Start by imagining the finished product without worrying about how you can do that… That comes later, and worrying about how you will do everything at the beginning of a project makes it seem overwhelming.

With some experience in the planning phase, you will begin to think of programming for what it really is — Input and output. Any individual part in and of itself is usually not that complicated, but making everything work together can be. Plan well, and save yourself the frustration.

Solve one problem at a time

Here, you will begin to convert your statements from planning of I need something that does this into reality. Think of each problem in its most basic (and ideally generic) form. As I said above, programming is essentially input and output, and here is where you convert input into output. If and when you find a problem which presents another problem, start the process over.

For example, you might determine that you need a function which uploads an image to another server, and realize half way through that it might be a good idea to resize the image that you're working with before uploading it. What I would do in this case is to leave a comment (//@todo test image size and convert if needed), finish writing the upload code without worrying about the resizing, then come back and write a separate function to test and resize images.

There are a variety of approaches and styles to coding to solve any problem, but the important thing is to start with a plan (this function receives a path to an image and an address to a server to upload it to, uploads it, and returns its new location). Pick one thing at a time to solve, be clear on what goes into and out of a function, and don't worry about anything else. You would be amazed at how easily you can tackle a problem you believed to be beyond you by breaking it down into a series of tasks which you can accomplish!

Be organized!

Programmers are supposed to be lazy… It's actually recognized as a virtue. This does not mean that the programming world celebrates poor work ethic, but rather that it recognizes the value of simplicity and the waste of repetition. The purpose of writing code is to do something once and to never have to do it again, so it's important to be organized and make the most of the code that you write.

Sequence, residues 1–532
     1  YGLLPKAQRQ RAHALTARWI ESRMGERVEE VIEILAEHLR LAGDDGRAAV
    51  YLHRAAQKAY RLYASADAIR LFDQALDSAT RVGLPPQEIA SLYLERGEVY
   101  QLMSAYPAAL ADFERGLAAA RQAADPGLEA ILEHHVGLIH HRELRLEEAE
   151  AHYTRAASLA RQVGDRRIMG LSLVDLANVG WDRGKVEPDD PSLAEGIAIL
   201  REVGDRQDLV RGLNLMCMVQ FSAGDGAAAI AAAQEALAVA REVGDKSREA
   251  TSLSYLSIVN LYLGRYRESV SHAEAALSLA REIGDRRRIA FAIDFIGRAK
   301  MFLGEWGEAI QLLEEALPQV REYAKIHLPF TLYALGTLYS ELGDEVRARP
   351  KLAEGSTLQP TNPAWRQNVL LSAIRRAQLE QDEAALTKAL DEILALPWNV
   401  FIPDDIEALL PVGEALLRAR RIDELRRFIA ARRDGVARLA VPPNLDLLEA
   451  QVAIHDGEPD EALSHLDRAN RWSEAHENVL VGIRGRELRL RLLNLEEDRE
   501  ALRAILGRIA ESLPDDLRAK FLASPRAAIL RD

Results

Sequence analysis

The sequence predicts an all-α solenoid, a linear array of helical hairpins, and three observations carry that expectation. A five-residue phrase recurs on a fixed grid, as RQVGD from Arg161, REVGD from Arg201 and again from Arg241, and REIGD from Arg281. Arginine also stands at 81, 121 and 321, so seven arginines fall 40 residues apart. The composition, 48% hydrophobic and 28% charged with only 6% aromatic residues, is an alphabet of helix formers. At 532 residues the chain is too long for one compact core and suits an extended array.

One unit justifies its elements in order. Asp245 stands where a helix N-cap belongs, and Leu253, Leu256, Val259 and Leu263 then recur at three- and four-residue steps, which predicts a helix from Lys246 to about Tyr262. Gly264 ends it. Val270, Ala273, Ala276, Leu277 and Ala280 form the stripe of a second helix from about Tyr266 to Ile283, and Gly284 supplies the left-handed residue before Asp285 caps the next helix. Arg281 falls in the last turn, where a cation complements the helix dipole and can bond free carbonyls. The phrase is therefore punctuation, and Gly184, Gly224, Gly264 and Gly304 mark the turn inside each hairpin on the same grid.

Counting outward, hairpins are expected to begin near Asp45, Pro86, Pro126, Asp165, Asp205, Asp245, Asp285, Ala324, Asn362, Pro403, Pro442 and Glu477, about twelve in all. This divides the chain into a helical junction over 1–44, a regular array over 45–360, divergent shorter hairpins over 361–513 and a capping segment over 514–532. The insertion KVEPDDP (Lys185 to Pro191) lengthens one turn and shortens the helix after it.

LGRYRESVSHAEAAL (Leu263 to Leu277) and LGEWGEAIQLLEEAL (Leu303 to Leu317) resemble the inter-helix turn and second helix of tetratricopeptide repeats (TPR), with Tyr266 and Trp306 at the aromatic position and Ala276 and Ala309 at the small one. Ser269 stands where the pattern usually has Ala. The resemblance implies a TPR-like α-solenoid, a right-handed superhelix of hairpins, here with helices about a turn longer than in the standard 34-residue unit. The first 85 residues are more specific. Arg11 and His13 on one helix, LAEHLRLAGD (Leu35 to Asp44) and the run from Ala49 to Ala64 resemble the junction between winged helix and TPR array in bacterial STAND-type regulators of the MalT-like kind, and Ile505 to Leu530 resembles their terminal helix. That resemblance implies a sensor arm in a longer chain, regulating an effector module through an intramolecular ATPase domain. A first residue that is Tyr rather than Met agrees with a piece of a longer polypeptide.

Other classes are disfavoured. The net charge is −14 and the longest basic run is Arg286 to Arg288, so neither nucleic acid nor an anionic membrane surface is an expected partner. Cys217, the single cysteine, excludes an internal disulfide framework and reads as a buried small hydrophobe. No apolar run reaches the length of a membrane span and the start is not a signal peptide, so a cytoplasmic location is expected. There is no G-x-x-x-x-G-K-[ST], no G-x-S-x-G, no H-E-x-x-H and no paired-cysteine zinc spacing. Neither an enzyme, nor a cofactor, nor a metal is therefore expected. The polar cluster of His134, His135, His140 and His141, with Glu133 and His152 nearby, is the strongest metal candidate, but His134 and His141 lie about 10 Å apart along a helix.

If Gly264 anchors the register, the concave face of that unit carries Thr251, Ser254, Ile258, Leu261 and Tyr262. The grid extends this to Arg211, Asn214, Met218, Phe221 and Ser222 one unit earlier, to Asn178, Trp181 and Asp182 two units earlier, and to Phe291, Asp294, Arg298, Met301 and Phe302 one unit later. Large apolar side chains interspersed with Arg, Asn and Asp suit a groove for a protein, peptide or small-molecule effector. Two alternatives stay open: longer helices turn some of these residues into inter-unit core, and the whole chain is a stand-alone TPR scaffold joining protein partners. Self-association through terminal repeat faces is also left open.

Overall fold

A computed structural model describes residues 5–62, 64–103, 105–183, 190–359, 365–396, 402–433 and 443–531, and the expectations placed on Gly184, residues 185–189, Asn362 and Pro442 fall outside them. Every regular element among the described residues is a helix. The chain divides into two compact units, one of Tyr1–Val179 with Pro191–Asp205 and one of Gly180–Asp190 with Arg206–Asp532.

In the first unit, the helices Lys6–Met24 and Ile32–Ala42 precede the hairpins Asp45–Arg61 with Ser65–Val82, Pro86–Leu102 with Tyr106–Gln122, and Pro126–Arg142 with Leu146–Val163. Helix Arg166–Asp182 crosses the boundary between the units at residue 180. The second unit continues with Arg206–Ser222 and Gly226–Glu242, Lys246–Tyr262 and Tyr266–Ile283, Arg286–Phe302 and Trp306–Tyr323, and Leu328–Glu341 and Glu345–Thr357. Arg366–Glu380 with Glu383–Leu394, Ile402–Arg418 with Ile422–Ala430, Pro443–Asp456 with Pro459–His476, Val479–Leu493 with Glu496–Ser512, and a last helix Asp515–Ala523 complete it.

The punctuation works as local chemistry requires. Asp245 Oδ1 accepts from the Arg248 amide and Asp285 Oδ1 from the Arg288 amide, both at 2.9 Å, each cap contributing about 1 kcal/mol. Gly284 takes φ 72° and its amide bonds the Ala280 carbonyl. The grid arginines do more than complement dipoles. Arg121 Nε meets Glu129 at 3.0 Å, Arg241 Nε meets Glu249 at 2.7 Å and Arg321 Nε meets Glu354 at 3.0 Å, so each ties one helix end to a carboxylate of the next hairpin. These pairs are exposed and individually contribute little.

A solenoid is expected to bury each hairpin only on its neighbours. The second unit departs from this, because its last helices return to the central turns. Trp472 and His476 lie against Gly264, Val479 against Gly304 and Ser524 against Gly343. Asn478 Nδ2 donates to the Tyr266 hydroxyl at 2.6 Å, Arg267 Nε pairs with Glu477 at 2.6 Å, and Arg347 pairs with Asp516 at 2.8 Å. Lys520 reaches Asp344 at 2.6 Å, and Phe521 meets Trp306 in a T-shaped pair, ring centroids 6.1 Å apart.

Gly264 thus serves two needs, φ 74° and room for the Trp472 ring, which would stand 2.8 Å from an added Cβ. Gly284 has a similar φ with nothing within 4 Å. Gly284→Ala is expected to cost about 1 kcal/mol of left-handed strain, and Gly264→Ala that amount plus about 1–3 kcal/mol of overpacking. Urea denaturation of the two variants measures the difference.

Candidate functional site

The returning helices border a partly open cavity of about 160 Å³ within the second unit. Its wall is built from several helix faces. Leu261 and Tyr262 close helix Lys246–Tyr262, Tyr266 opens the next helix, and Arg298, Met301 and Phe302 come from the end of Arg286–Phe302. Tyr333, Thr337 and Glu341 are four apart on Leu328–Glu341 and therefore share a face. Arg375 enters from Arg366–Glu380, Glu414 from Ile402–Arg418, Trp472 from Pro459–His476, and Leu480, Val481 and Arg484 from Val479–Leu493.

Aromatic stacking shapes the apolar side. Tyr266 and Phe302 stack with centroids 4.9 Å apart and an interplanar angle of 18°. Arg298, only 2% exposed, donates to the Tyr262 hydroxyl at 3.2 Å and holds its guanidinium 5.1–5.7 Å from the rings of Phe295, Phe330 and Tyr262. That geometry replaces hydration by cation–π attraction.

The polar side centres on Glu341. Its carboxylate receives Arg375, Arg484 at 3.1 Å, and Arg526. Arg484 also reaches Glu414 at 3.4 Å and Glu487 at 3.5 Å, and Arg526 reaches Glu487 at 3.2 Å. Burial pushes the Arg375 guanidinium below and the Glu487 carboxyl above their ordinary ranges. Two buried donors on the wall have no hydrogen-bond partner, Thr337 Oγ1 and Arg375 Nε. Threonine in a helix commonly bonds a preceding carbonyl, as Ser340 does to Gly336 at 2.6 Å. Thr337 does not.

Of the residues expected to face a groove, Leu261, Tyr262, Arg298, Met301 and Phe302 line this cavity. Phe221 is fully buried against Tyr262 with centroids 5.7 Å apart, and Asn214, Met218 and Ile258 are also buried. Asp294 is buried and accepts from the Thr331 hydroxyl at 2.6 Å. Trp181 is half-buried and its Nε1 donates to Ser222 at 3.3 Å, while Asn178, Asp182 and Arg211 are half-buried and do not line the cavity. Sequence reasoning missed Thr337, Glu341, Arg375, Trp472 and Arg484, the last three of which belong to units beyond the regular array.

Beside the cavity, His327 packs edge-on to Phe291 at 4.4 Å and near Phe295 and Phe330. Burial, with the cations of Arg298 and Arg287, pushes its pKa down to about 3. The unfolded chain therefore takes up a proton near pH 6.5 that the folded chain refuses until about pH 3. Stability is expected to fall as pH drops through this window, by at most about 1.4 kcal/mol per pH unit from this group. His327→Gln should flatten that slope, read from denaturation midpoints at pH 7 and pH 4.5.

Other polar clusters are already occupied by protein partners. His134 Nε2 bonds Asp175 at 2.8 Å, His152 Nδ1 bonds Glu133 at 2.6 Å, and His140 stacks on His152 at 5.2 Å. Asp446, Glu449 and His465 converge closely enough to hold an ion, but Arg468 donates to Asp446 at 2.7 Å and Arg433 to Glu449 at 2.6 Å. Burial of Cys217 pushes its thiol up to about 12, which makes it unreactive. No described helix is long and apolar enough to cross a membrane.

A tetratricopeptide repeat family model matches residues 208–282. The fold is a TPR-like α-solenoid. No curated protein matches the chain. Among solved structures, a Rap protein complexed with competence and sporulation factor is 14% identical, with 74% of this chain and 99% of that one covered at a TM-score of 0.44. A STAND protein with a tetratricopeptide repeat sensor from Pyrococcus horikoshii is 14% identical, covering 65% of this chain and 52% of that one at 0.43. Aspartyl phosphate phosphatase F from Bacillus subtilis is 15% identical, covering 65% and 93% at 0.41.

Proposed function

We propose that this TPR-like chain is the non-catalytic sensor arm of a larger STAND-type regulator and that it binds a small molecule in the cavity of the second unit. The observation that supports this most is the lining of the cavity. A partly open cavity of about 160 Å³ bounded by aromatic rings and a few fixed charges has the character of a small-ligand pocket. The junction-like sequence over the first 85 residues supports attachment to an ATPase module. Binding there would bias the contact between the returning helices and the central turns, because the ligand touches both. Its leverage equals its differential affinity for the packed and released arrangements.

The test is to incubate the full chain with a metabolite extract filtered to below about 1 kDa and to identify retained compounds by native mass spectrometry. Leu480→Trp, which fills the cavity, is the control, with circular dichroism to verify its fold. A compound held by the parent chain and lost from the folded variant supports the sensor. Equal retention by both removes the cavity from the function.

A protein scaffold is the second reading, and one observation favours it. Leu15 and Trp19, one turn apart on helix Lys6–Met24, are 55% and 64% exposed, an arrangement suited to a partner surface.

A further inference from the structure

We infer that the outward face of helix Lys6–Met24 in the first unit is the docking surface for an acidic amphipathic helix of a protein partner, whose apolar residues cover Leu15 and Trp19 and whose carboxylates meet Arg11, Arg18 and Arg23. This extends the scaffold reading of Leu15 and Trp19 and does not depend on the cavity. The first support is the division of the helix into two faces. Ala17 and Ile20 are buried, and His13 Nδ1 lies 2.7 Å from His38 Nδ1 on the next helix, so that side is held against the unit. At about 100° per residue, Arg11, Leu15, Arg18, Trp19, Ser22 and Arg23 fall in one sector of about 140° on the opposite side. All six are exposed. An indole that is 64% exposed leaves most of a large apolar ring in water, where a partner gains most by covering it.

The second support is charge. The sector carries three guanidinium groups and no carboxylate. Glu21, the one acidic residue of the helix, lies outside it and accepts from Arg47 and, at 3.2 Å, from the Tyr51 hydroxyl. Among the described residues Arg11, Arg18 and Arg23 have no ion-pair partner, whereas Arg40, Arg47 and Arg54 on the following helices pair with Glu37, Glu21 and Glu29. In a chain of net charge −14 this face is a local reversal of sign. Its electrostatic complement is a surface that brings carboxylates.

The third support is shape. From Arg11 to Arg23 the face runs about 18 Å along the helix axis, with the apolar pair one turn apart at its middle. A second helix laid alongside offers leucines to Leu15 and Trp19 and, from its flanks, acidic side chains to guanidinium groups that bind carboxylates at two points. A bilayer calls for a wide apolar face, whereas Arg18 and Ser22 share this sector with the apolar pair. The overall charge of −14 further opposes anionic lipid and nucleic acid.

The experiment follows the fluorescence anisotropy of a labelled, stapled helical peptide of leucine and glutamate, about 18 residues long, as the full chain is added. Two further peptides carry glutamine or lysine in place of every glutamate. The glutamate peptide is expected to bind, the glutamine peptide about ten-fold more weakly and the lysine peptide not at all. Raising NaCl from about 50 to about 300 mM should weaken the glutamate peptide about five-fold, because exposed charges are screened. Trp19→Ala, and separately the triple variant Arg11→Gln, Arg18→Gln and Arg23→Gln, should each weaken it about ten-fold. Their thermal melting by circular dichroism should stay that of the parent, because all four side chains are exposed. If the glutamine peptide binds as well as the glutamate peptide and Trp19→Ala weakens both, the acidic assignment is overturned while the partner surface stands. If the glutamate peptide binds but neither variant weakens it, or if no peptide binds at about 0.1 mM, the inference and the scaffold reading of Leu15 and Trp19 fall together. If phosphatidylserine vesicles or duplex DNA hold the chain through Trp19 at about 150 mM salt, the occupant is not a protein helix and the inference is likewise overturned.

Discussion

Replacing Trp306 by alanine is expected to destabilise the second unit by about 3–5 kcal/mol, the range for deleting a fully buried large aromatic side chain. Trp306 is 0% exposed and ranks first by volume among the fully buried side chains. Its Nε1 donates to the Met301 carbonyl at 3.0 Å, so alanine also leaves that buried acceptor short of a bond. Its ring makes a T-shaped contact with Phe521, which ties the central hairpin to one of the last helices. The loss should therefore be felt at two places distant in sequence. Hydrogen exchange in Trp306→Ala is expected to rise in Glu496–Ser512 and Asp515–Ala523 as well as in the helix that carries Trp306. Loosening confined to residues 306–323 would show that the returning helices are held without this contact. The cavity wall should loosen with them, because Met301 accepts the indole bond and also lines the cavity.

First, whenever possible, you should write your functions in such a way that they are as generic as possible. For example, instead of writing a function which squares a number, write one that can return a number raised to any power (even though such a function almost certainly already exists in whichever language you're using). This might make writing the function a little bit more difficult, but it will save you a whole lot of time later on when you need a function that is very similar.

In order to make the most effective use of this, you should not dump all of your code into a single file! Put your math functions in one, generic miscellaneous in another, and always keep project specific code separate from code which can be used elsewhere. When writing code, be on the lookout for something that can be reused.

Also, be consistent throughout your work. Try to avoid naming one function myFirstFunction and another my_nth_function. If you are consistent in naming variables, functions, etc, then you won't have the additional headache later on of trying to remember which one to use later on. Most languages have commonly accepted practices for naming things, and I suggest that you follow such conventions as best as possible. On the topic of naming things, try to set names by finding a balance between descriptive and simple. Nobody wants to use a function named function_to_convert_an_array_of_integers_to_strings(), but you usually shouldn't use names like funct() either because there's no telling what it does from its name.